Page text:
The economy of 2030 will be built on technical innovations emerging from present-day labs, startups, and tech companies. Ranging from ultra-fast 5G connections that reduce latency, increase bandwidth, and enable real-time machine-aided decision-making, to advances in artificial intelligence. In combination, these technologies will enable large-scale shifts in our economy. Explore the research.
In this episode, hear from Walter Isaacson and fashion luminaries as they discuss the technological, political, and personal underpinnings behind fashion revolutions of the 19th, 20th and 21st Centuries.
There will soon be 1 million open jobs in tech but only 500,000 will be filled with the existing labor pool. At the same time, there is a marked gender and racial disparity. Fixing the latter may very well fix the former, according to Dell Chief Customer Officer Karen Quintos. In this episode, Quintos shares how businesses can work to eliminate bias, scale up their diversity efforts, and fill the pipeline for new tech talent.
In this moving episode of Trailblazers, we take an exclusive look inside the history, and ahead to the intriguing future, of public transportation.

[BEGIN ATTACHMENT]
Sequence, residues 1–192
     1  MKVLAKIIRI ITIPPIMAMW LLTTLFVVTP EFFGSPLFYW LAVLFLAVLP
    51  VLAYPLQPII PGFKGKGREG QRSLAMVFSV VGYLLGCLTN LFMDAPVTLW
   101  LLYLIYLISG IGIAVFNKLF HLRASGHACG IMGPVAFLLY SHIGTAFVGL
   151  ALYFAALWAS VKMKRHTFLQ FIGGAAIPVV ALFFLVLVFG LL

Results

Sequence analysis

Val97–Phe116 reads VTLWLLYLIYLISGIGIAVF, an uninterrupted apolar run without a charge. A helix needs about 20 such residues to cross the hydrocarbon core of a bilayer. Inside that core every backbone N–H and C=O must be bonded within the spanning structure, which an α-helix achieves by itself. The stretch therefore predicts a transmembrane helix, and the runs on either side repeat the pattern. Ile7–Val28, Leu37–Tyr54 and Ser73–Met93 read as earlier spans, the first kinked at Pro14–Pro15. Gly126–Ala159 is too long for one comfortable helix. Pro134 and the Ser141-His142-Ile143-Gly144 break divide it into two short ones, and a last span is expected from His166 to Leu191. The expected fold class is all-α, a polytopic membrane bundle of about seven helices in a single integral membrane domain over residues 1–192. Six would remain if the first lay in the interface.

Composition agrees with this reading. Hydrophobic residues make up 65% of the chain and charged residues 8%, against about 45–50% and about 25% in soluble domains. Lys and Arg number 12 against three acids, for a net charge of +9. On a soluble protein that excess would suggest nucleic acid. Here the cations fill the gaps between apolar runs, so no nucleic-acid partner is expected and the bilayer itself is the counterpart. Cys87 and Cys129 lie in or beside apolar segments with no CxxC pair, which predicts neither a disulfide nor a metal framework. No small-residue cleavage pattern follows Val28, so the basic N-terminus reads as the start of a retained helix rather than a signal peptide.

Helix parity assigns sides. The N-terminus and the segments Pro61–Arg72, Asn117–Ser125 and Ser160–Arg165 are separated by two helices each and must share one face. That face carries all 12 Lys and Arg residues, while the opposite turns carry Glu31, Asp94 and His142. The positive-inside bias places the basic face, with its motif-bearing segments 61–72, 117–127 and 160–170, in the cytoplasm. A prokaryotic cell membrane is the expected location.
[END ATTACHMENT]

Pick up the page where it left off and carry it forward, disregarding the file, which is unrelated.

U.S. brick and mortar banks are competing with start up European digital-only banks for the better, faster customer experience.
President and CEO Dr. Ken Gabriel leads us through an insider’s look at what motivates Draper’s employees and how this ties back to the company’s strong culture, appreciation of diversity and push toward innovation.
AirShepherd and University of Southern California doctoral student Elizabeth Bondi is helping wildlife rangers stop poaching. But her team is faced with a challenge common in the data science and machine learning space: accurate labeling.
Real-time data insight isn’t just fueling race car performance—it’s pushing the boundaries of modern medicine.
When construction excavation goes deep on the University of Illinois Chicago campus, a team of data scientists, mapmakers, and engineers show up to look into the hole so regularly that they have their own hardhats and safety gear.